PITTSBURG -- In its heyday, the Robert Morton organ console rose majestically to accompany silent movies at the California Theatre.
No doubt, a theater organ console, with its rows of keys that create an assortment of musical and sound effects, is an attention-grabber. That is why it was the first component to be brought back to it original condition as part of a restoration effort that started in January 2013 spearheaded by Tom LaFleur.
To that end, he has turned part of his Pacific Community Services Inc. nonprofit office at 329 Railroad Avenue into an organ restoration workshop. The restored console can be seen in the front window.
"We got it into good condition so mainly people could see the pretty console," he said.
But much work still needs to be done on other components that are not visible.
"I think we are about two-thirds of the way through. We're making great progress in rebuilding the components of the organ," he said. "The major things we have to do are finishing up the refurbishing and rebuilding of all the musical components. And once we have done that, installing them into the theater isn't that big of a deal."
The organ and its 900 pipes made its debut at the California Theatre in 1928 and stayed there for 20 years before it was sold to an Oakland church. In 2011, it was purchased by Pittsburg for $15,000 as part of the restoration of the California Theatre, with the understanding that private funds would be raised for the organ's refurbishment.
That effort is being overseen by Sacramento resident Dave Moreno, who also plays the theater organ at the Paramount Theatre in Oakland and the Bob Hope Theatre in Stockton.
"You've got to do reverse engineering and then put it back," Moreno said. "Everything that the builder put together we end up taking it apart and starting all over again."
In a corner of the workshop, electrician Freddie Cruz meticulously worked on a windchest, a component that sits below the organ pipes and helps direct air to make sounds.
"I like it, it's fun, it's a new experience,'' Cruz said of the restoration work he is doing in conjunction with a few volunteers who help out.
It is not only the electrical skills that Cruz has but his knowledge of carpentry and working with wood and leather that make him a natural for the job, LeFleur said.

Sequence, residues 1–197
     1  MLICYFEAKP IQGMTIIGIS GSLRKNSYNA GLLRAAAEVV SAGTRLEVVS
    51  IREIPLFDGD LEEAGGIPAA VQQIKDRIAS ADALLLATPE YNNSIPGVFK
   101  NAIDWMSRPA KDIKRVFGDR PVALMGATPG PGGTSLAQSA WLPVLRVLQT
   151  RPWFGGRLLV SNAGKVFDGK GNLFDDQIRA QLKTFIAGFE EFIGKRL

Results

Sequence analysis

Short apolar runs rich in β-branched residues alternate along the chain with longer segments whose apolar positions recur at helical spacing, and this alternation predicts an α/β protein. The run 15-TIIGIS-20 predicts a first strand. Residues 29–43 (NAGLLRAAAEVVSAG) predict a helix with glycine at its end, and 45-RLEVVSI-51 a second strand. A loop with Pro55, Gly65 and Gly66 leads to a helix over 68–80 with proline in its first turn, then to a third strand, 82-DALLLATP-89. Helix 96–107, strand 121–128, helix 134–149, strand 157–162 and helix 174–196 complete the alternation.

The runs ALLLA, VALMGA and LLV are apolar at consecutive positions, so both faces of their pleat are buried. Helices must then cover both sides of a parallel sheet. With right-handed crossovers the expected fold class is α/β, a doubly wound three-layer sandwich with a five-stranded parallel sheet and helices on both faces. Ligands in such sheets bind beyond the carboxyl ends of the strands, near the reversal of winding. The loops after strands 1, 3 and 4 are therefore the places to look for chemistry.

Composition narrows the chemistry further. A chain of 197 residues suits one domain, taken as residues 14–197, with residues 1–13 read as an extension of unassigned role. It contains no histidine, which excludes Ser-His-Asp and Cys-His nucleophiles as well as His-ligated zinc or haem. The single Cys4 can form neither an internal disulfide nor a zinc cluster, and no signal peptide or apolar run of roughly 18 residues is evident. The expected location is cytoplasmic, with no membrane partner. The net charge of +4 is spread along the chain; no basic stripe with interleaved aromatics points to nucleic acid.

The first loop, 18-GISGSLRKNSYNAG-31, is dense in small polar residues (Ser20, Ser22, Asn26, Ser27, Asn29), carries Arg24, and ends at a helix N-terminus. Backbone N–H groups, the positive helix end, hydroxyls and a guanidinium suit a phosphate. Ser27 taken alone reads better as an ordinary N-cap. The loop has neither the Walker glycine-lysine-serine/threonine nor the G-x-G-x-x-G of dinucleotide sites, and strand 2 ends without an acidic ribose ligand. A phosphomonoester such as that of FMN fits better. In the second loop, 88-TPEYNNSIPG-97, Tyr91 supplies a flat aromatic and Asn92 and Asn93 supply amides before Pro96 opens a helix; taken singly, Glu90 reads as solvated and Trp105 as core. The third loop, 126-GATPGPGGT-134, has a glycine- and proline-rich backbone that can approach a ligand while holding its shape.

If restoration work continues at the same pace, music should be coming from the organ within a year, he said. But that pace is dependent on raising additional funds for the $100,000 project. To date, about $35,000 has been raised from individual donors ranging from small gifts to an anonymous donation of $7,000, and from Keller Fund contributions.
About $31,000 has been spent to date on restoring the organ and electrical and interior work inside the California Theatre that is needed so the organ can once again play. LaFleur hopes to raise another $25,000 to finish the restoration work to make the organ operational.
But before it can rise from the theater floor as it did nearly a century ago, additional funds are needed to pay for an elevator lift, LaFleur said. Not having a lift means that the organ will have to be rolled into the theater on a cart to be played.
"It's next door, so that's a good thing," he said. "The (final phase) will be to raise $30,000 to $40,000 so it can be permanently installed in the theater."
For more information, call Tom LaFleur at Pacific Community Services Inc. at 925-439-1056 or visit www.californiatheatreorgan.org.
If you are interested in making a financial donation, make checks payable to PCSI with a notation for the Organ Project and mail to: Pacific Community Services Inc., 329 Railroad Ave., Pittsburg, CA 94565.